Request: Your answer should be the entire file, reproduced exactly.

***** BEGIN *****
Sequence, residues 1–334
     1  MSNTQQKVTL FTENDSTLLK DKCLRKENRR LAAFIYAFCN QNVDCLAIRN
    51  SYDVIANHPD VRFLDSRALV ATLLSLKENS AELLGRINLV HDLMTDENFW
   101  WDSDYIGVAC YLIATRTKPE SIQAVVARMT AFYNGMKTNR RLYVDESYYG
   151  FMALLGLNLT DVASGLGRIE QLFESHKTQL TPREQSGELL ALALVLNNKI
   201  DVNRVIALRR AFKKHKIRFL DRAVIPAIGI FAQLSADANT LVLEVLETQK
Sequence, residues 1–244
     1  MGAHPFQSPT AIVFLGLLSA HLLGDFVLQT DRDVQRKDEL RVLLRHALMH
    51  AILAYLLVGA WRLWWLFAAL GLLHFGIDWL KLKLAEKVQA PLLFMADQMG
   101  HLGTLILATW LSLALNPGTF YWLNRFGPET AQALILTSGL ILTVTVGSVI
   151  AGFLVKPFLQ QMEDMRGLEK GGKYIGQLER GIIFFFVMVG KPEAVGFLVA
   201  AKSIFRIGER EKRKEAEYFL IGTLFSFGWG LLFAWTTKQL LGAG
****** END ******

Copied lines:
Sequence, residues 1–334
     1  MSNTQQKVTL FTENDSTLLK DKCLRKENRR LAAFIYAFCN QNVDCLAIRN
    51  SYDVIANHPD VRFLDSRALV ATLLSLKENS AELLGRINLV HDLMTDENFW
   101  WDSDYIGVAC YLIATRTKPE SIQAVVARMT AFYNGMKTNR RLYVDESYYG
   151  FMALLGLNLT DVASGLGRIE QLFESHKTQL TPREQSGELL ALALVLNNKI
   201  DVNRVIALRR AFKKHKIRFL DRAVIPAIGI FAQLSADANT LVLEVLETQK
Sequence, residues 1–244
     1  MGAHPFQSPT AIVFLGLLSA HLLGDFVLQT DRDVQRKDEL RVLLRHALMH
    51  AILAYLLVGA WRLWWLFAAL GLLHFGIDWL KLKLAEKVQA PLLFMADQMG
   101  HLGTLILATW LSLALNPGTF YWLNRFGPET AQALILTSGL ILTVTVGSVI
   151  AGFLVKPFLQ QMEDMRGLEK GGKYIGQLER GIIFFFVMVG KPEAVGFLVA
   201  AKSIFRIGER EKRKEAEYFL IGTLFSFGWG LLFAWTTKQL LGAG